GLA: Do you represent any of the pop genres such as romance or thrillers?  

LB: No.

GLA: Besides fiction, you do seem to look for quality nonfiction. Would you describe your “wants” here as narrative nonfiction only? Or can a writer pitch you something simpler—like a great self-help book?  

LB: I’m not the right agent for self-help.

GLA: Three most common mistakes you see in a query letter? 

(Read tips on writing a query letter.)

LB: You wouldn’t believe how often I receive a query in this vein: “Dear Ms. Bankoff—I know you represent Ann Patchett and therefore believe you’d like my novel about the erotic adventures of a marauding serial killer/rapist/arsonist.” Huh? There are a garden variety of other mistakes, many of which result from sloppiness, but that’s the one which seems to set my teeth on edge.    

GLA: Best way for writers to submit to you? 

LB: Last week I sold an astonishing first novel by Jessica Maria Tuccelli whose query letter arrived the old-fashioned way, by snail mail. We had no mutual friends. She did her homework, became familiar with many of the authors I represent, and described her novel in three resoundingly effective paragraphs. I could barely contain myself.

GLA: Will you be at any upcoming writers conferences where writers can meet/pitch you?  

LB: I’ve spoken at the Tennessee Williams Festival in New Orleans a couple of times. The organizers do a brilliant job there. I’ve got nothing scheduled right now.


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5 thoughts on “Agent Advice: Lisa Bankoff of ICM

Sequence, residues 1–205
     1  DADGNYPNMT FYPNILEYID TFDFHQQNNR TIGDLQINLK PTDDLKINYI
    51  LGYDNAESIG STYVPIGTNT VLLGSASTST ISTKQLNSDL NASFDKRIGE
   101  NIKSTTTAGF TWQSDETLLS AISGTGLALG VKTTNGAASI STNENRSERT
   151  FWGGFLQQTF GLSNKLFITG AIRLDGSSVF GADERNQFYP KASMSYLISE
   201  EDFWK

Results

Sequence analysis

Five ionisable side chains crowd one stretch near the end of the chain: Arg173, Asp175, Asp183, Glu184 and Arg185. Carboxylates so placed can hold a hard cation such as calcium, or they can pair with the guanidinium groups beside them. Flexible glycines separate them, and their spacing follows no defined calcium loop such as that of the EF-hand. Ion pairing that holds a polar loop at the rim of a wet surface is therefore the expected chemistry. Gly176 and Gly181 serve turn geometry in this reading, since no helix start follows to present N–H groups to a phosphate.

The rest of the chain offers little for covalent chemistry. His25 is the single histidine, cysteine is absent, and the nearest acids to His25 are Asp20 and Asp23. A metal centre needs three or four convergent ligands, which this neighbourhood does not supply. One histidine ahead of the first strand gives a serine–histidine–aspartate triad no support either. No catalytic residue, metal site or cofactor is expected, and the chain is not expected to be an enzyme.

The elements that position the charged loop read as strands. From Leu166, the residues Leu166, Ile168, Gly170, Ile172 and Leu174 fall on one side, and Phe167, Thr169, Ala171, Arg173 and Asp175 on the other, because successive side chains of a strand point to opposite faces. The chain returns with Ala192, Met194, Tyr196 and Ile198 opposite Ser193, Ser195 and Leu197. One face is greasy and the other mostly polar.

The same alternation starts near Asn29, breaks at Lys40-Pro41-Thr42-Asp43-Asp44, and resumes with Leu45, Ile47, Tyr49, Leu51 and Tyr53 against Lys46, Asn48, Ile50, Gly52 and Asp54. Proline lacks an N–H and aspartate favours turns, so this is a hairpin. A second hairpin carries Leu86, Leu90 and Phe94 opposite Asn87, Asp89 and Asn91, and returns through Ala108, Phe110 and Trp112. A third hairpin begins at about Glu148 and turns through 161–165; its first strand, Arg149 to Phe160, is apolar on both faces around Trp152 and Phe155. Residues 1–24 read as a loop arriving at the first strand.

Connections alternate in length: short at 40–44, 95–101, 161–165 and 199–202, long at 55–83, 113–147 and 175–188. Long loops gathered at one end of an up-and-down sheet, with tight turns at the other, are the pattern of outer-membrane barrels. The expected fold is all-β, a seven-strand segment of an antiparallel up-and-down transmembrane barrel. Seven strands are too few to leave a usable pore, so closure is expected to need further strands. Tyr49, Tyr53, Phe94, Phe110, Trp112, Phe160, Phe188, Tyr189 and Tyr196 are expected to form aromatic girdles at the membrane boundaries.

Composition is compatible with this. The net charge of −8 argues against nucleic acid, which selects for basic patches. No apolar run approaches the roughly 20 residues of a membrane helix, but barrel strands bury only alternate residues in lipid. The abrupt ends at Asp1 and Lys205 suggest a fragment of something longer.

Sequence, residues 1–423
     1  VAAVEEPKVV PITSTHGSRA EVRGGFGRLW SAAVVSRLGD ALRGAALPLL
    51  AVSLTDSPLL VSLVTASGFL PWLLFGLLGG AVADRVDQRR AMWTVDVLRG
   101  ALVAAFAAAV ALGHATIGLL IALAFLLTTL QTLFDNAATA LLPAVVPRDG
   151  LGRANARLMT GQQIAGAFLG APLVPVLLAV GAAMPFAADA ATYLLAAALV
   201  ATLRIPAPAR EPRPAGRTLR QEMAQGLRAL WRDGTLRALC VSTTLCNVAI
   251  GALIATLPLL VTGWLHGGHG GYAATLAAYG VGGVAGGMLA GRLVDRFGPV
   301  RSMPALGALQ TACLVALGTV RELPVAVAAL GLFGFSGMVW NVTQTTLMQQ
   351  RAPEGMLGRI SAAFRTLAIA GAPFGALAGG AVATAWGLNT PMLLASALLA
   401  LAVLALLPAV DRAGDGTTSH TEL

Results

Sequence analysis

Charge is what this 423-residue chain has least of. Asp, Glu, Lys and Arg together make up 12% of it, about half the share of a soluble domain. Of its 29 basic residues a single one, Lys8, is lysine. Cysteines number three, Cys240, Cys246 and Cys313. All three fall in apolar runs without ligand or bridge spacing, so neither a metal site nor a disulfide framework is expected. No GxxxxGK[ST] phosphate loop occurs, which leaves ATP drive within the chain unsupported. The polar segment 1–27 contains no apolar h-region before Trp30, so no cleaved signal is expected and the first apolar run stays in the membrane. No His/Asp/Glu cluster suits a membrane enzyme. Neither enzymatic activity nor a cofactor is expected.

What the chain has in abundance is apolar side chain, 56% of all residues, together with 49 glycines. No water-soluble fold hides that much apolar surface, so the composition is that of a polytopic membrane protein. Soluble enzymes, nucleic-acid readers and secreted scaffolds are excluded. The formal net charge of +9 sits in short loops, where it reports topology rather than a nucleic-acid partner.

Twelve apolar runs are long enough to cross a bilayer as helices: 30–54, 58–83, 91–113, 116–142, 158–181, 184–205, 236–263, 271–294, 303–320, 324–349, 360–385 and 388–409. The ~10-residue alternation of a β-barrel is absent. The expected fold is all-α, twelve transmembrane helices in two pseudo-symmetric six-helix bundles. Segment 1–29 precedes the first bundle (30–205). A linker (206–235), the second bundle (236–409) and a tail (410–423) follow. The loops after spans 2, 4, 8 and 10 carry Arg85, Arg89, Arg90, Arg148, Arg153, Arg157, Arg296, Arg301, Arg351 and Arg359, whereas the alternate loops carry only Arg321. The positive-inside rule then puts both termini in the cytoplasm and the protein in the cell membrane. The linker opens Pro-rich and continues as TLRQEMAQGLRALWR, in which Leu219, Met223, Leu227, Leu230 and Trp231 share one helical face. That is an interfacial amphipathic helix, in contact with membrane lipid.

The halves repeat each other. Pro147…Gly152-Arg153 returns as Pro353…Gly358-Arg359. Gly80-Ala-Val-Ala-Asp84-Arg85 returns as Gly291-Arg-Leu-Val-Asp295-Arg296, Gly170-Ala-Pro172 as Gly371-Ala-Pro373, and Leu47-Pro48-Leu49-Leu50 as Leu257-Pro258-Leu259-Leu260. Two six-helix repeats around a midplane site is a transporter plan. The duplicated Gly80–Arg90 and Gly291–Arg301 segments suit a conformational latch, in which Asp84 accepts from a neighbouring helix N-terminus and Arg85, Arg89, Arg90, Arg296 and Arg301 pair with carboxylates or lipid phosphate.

1. Leslie

    Regarding the comment above from Elwood:

    The person who submitted the novel about "the erotic adventures of a marauding serial killer/rapist/arsonist" is the perfect example of someone who had obviously NOT done their homework, as Ann Patchett’s novels are about as far from that as one can imagine. She plainly had no idea of the sort of author Lisa Bankoff represents. If she’d done her homework, as she says she did, she’d have known that.

  2. Elwood Henry

    Okay, I’m confused. On the one hand she says this:

    LB: You wouldn’t believe how often I receive a query in this vein: "Dear Ms. Bankoff—I know you represent Ann Patchett and therefore believe you’d like my novel about the erotic adventures of a marauding serial killer/rapist/arsonist." Huh? There are a garden variety of other mistakes, many of which result from sloppiness, but that’s the one which seems to set my teeth on edge.

    But then she comes back with this:

    GLA: Best way for writers to submit to you?

    LB: She did her homework, became familiar with many of the authors I represent, and described her novel in three resoundingly effective paragraphs. I could barely contain myself.

    So a mistake is to mention an author she works with, but it is also part of doing her homework and becoming familiar with her authors?

    Which is it?